WHO risks becoming an enemy of harm-reduction

The World Health Organization (WHO) risks being labelled an ‘enemy of harm-reduction’ if its inaccurate and unscientific treatment of vaping continues. It is increasingly out of touch with evidence on public health and its credibility is now open to question. Recent recommendations made by its study group on Tobacco Product Regulations, which would prohibit electronic nicotine and non-nicotine delivery systems where the user can control device features and liquid ingredients, only exacerbate this problem.

WHO has also called for the prohibition of the sale of electronic nicotine delivery systems that have a higher ‘abuse liability’ than conventional cigarettes, for example by controlling the emission rate or flux of nicotine.

John Dunne, Director General at the UKVIA, says the WHO poses a real threat to smoking-cessation and harm-reduction in the UK:

“While the WHO is scheduled to hold a crucial summit on vaping in November 2021, known as COP9, it continues to find itself at odds with health and industry advocates.

“Certain WHO positions are now so out of date, and so thoroughly refuted by the experts, that they may as well be saying the earth is flat. They deviate dramatically from leading experts, including Public Health England (PHE) and Action on Smoking and Health (ASH).

“Take for example vaping helping people to quit smoking, which the WHO says there is ‘little evidence’ of. As early as 2019 clinical trials were finding vaping to be almost twice as effective as nicotine replacement therapy (NRT).

“Just this month, Public Health England (PHE) found in its Vaping Evidence Review 2021 that smoking quit rates involving a vaping product were higher than with any other method in every single English region. For the WHO to hold such contrary views is either bad science or bad faith. both risk it becoming an enemy of harm-reduction.”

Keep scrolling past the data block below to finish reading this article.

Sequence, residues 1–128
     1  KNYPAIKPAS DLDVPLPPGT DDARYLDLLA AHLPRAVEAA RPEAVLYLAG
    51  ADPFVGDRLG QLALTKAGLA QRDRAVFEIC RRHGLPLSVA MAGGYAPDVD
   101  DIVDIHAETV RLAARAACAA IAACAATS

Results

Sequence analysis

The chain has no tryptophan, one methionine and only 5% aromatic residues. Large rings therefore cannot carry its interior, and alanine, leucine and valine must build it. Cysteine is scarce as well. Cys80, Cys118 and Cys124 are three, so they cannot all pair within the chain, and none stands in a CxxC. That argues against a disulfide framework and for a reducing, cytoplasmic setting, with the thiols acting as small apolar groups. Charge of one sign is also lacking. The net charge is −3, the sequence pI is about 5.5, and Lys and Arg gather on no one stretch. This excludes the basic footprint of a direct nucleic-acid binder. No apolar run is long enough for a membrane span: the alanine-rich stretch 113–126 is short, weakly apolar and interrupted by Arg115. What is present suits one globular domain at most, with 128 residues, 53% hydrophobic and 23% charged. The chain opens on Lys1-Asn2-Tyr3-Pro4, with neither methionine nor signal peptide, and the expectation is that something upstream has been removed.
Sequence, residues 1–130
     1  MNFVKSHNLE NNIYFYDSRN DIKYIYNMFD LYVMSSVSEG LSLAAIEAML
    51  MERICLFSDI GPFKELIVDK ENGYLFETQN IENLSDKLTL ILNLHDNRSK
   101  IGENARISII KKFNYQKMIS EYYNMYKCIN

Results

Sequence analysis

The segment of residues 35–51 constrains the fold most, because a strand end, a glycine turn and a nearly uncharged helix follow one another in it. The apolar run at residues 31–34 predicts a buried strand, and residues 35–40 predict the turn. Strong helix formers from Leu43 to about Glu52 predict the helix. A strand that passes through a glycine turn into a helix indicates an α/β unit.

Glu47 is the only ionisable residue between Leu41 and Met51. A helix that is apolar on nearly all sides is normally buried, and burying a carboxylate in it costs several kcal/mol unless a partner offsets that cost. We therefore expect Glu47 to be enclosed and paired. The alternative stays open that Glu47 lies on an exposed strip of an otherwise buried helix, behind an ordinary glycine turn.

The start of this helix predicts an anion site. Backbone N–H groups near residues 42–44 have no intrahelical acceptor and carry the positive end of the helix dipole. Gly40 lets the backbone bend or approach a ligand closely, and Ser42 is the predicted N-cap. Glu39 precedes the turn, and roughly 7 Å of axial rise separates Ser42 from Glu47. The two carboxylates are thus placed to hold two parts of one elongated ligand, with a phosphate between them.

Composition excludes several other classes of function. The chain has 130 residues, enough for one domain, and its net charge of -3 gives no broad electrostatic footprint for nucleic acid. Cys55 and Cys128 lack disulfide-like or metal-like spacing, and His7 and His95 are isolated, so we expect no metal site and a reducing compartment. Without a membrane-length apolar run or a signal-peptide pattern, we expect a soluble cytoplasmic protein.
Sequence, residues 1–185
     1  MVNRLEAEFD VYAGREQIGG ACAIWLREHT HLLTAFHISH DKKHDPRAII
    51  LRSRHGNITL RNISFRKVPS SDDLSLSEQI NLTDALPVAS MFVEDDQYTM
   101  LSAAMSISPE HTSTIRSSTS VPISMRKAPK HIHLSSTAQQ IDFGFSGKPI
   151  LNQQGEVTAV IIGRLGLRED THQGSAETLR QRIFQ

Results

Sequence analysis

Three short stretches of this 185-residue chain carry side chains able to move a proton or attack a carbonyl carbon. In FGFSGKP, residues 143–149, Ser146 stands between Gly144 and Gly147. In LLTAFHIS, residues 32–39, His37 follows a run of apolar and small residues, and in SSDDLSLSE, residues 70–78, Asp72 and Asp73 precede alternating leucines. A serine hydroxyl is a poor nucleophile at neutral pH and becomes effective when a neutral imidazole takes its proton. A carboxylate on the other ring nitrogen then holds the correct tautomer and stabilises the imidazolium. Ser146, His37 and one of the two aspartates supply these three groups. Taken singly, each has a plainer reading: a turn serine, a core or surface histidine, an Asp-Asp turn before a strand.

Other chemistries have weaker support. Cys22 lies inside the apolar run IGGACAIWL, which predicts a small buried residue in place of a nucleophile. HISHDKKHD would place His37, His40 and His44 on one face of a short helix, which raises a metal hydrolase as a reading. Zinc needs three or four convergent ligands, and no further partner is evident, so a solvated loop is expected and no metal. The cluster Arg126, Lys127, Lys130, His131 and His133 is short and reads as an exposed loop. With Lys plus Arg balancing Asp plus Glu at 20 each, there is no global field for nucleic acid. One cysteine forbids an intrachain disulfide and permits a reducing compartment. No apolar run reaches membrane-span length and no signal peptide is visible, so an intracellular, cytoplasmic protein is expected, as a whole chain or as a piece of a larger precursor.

Dunne added: “Vaping’s success as an industry, and its potential for public health improvements, is built on empowering personal choice. Different systems, styles and flavours give consumers the options they need to leave combustible cigarettes behind. I would urge the WHO to engage with vapers, to hear their stories and discover the life-changing decisions they’ve made in their lives. Prohibition is simply not the answer.”

The UK will send a delegation to the WHO COP9 summit later this year, for the first time since leaving the European Union, in what many hope will be an opportunity to promote harm-reduction. The UKVIA was among expert guests invited by the All-Party Parliamentary Group for Vaping to advise on the COP9 delegation’s approach.

Dunne, who joined the parliamentarians for its February evidence session, concluded: “The UK has a genuine opportunity to promote harm-reduction as a valid, progressive strategy for public health on the world stage. We must not allow misinformation to undermine this potential, irrespective of the source.”

WHO’s continued negativity on vaping comes as the UK Government’s own consultation on smoking regulations draws to a close on 19th March. The UKVIA’s consultation response, Blueprint for Better Regulation, is to be published shortly, with calls for the UK’s progressive approach to be defended and expanded.

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